Posted: 10 Nov 2020, 10:34am
My first bout of sciatica was about 30 years ago when my main exercise was running. Training for the London Marathon it would flare up after about 7 miles. I kept running but deferred the marathon for a year by which time it subsided. Ten years later in the early 2000's it came back, but worse affecting my leg down to the heal. My GP advised physio, not NHS but privately with a sports physiotherapist. I had one session for examination and initial treatment plus advise on exercises and the Alexander technique for back problems followed by a second treatment a couple of weeks later. By this time the sciatica had mostly gone. Since then I've not had a recurrence. Periodically I lightly exercise to ensure mobility of my back and ease tension in the muscles.
Its important to get the right diagnosis, in my case my spine was very stiff and a disc was pressing on the nerve, then do the exercises to alleviate the problem. Good luck with your treatment.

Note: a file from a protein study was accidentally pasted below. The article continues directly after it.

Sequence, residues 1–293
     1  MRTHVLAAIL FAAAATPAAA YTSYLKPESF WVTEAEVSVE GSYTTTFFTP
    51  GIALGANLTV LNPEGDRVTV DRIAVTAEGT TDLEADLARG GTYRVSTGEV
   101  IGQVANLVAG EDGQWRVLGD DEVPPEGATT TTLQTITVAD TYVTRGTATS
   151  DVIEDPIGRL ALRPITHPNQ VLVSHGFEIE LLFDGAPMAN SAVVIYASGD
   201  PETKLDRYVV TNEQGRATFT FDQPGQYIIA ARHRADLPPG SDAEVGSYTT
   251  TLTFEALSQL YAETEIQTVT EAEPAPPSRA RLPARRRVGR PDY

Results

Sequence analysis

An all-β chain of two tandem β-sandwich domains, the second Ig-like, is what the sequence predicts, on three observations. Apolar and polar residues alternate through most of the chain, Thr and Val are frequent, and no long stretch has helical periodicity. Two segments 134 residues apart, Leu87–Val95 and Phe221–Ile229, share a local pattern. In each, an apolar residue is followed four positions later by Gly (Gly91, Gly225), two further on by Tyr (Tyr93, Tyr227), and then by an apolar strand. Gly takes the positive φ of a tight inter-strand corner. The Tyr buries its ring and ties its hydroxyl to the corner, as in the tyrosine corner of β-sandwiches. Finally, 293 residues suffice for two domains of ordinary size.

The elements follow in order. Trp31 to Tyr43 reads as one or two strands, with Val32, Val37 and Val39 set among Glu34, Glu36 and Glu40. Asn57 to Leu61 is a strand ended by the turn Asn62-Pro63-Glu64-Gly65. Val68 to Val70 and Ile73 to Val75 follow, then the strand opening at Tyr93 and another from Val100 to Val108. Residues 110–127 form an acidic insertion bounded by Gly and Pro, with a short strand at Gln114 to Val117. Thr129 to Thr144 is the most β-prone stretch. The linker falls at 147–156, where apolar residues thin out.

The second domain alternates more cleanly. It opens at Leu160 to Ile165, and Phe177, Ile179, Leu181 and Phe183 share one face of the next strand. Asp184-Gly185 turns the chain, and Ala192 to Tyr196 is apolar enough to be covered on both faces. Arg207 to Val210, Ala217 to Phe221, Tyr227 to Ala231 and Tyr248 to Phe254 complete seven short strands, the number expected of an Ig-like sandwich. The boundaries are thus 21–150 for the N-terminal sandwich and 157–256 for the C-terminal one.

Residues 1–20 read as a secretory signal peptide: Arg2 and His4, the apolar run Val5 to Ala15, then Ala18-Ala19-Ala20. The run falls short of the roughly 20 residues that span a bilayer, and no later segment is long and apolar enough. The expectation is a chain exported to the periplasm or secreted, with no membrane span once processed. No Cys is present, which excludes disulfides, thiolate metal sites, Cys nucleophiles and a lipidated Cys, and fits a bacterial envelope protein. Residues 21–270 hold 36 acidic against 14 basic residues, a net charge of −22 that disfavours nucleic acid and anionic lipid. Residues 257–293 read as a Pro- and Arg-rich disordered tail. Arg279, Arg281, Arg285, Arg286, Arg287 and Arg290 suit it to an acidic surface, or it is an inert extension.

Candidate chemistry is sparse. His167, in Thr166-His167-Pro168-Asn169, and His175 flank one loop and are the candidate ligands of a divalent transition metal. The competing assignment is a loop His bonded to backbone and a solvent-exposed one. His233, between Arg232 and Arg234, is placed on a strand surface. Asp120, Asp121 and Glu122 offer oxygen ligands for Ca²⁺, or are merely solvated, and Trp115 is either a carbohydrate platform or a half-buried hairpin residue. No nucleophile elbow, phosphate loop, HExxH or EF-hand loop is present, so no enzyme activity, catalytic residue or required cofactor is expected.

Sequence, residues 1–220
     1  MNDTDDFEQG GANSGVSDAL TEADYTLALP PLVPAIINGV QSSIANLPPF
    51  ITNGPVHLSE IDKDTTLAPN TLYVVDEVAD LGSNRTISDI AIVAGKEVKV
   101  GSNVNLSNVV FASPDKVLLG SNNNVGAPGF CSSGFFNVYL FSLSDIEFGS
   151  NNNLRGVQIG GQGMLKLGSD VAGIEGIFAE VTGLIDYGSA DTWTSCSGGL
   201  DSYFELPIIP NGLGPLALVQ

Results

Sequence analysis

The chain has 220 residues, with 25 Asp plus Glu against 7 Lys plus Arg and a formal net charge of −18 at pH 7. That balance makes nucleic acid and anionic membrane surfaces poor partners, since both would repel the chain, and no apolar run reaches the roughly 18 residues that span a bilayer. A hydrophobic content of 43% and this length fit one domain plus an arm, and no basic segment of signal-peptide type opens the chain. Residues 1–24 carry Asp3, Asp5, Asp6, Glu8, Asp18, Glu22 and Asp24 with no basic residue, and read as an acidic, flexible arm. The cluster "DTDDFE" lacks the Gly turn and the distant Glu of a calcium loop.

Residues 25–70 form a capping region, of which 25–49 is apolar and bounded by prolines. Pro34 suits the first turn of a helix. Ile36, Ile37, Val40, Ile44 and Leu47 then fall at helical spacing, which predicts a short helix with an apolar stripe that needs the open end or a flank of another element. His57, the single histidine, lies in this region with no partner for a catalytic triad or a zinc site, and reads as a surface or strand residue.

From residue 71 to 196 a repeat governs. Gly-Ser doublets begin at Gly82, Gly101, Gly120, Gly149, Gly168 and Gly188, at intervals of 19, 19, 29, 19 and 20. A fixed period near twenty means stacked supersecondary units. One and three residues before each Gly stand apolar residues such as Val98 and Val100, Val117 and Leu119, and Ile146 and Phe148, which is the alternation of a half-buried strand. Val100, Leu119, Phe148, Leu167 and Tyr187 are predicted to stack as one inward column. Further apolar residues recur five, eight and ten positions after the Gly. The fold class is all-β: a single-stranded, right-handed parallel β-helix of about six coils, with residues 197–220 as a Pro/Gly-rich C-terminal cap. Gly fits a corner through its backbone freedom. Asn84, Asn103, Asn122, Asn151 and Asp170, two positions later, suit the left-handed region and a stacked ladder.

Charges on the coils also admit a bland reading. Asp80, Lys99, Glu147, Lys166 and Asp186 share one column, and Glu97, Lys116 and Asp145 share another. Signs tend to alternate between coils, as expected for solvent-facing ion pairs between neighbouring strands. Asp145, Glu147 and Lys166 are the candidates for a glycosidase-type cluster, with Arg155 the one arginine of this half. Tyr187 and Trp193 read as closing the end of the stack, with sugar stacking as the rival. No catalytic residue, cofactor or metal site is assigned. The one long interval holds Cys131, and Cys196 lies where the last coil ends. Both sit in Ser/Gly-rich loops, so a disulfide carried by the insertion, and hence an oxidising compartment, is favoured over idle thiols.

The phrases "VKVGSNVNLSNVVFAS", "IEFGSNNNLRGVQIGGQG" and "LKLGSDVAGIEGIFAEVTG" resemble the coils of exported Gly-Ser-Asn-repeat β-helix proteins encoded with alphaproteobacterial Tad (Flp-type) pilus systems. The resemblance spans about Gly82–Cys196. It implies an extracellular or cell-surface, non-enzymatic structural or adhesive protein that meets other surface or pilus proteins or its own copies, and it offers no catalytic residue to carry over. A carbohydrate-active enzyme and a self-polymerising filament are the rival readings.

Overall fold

Posted: 11 Nov 2020, 10:21pm
I used to get it (and locked shoulders and carpal tunnel syndrome) but they all disappeared by applying the Alexander Technique (Google it). Get some lessons as soon as you can afford them and we are out of lockdown.
Posted: 12 Nov 2020, 9:41am
Thank you everyone for the replies. Been out on bike twice now and all ok. Took it very easily on low gears. Definitely feels easier keeping mobile; the biggest problem is getting sleep. Walking around the house at 2.00am the last 2 nights. Pain does seem to be very gradually easing. Ken.
Posted: 12 Nov 2020, 10:40am
RE Alexander Technique: See https://www.janeclappison.co.uk/
Just 20 minutes a day lying down, giving directions as instructed, and your sciatica will slowly be a thing of the past.
Posted: 16 Nov 2020, 1:19pm
Quite a good article on managing sciatica with yoga here: https://www.yogajournal.com/practice/easy-rider
Hope it helps!
Posted: 17 Nov 2020, 12:34am